The Prophet Hen of Leeds

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In Leeds, England, in 1806,[1] villagers believed doomsday had come when a hen began laying eggs with the phrase "Christ is coming" on each one,[2] but it was later found to be a hoax by Mary Bateman, who had written on the eggs using acid and reinserted them into the hen's oviduct.[3]

References[edit]

  1. ^ Strandberg, Todd; James, Terry (June 2003). Are You Rapture Ready. New York City: Dutton. pp. 35–45. 
  2. ^ "10 failed doomsday predictions". Retrieved 2009-11-12. "History has countless examples of people who have proclaimed that the return of Jesus Christ is imminent, but perhaps there has never been a stranger messenger than a hen in the English town of Leeds in 1806. It seems that a hen began laying eggs on which the phrase "Christ is coming" was written. As news of this miracle spread, many people became convinced that doomsday was at hand — until a curious local actually watched the hen laying one of the prophetic eggs and discovered someone had hatched a hoax."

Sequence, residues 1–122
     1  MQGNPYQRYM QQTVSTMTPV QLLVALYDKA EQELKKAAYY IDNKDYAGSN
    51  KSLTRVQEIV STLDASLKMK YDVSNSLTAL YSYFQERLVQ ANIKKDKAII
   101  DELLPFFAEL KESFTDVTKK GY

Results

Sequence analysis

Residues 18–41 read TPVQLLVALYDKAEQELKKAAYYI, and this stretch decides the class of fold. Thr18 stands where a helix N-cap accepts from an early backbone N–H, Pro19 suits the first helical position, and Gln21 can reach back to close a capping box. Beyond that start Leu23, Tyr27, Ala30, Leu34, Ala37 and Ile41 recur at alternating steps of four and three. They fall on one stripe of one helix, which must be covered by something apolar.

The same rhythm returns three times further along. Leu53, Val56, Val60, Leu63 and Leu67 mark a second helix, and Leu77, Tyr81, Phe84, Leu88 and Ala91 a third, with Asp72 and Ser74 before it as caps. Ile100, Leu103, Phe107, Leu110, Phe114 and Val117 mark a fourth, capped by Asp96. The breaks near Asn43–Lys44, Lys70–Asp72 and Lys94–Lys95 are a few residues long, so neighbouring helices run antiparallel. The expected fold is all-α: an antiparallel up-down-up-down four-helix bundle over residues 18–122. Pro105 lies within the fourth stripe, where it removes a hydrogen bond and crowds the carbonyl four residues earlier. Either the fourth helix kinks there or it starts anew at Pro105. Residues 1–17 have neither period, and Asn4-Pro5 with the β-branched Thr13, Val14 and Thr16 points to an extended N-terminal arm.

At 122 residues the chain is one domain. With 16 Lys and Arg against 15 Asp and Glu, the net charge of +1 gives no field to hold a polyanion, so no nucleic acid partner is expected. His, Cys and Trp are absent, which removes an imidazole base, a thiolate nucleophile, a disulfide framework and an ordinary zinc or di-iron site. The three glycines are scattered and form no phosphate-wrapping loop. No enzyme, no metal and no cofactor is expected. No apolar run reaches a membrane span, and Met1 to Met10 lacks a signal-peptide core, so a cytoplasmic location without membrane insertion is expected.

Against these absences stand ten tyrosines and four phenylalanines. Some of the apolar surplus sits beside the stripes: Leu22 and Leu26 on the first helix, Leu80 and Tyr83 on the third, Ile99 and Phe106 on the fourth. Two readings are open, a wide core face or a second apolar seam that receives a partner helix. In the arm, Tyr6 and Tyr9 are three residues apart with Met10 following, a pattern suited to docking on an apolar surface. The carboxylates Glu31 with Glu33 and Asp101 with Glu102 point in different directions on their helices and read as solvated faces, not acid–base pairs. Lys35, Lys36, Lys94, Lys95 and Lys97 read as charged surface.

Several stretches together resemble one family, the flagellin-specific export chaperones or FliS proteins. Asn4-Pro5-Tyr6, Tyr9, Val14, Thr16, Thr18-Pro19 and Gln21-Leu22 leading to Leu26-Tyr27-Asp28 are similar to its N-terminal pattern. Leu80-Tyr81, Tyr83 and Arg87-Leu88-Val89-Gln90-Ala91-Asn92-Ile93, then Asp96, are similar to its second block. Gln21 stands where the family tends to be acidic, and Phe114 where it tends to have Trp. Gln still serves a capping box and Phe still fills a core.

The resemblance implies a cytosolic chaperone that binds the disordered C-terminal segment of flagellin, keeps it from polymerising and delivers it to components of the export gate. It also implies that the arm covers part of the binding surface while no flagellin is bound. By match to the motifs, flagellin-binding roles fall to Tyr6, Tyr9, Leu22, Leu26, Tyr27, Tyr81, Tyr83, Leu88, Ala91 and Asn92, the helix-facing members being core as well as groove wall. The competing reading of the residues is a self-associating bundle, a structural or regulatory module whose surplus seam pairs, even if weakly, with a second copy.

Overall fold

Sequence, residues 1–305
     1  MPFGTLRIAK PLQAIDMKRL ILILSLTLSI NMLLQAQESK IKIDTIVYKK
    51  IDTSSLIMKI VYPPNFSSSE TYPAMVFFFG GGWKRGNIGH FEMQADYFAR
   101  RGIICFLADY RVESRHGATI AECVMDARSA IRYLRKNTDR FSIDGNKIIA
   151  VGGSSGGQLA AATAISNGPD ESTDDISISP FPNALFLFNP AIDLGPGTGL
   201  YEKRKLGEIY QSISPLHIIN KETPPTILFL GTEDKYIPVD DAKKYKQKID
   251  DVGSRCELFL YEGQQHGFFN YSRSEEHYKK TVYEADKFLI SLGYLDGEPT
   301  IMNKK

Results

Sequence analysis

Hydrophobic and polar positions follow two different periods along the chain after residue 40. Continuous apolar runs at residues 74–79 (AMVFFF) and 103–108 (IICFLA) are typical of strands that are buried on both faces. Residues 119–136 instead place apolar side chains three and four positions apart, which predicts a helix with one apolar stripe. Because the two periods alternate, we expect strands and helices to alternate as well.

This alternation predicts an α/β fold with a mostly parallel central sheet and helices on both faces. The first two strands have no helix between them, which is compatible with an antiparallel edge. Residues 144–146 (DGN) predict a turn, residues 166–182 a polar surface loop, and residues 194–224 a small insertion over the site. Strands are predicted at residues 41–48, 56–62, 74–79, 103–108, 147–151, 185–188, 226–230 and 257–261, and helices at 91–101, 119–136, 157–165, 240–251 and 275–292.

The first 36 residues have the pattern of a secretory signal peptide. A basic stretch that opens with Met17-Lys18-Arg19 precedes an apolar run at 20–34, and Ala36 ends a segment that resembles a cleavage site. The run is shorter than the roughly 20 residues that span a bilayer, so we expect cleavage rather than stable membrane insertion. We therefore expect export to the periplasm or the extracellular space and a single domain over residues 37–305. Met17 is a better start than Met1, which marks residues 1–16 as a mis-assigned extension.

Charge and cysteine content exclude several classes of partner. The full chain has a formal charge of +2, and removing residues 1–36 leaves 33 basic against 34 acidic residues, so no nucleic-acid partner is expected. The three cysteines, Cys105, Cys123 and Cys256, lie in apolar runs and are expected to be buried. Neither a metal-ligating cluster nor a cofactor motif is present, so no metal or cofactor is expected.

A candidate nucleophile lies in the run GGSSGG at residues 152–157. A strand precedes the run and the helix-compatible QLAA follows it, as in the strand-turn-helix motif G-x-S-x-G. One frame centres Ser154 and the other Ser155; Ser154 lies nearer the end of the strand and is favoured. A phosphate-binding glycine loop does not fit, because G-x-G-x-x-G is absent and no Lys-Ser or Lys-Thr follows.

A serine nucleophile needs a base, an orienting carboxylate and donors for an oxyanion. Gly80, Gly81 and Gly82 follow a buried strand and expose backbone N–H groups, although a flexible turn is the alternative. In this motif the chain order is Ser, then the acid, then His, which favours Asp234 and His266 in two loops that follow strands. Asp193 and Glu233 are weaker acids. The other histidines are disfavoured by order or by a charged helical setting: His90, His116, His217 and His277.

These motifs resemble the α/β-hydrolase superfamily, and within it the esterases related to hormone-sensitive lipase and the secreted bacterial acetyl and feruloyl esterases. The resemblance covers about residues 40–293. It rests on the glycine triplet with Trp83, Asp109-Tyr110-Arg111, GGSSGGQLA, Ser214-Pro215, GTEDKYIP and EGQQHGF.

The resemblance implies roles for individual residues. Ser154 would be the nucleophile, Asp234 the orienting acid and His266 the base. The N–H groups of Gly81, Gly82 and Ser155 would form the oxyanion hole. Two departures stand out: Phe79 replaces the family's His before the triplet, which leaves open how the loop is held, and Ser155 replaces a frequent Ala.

3. ^ Charles Mackay (1980). Extraordinary popular delusions & the madness of crowds. Random House. ISBN 0-517-88433-X.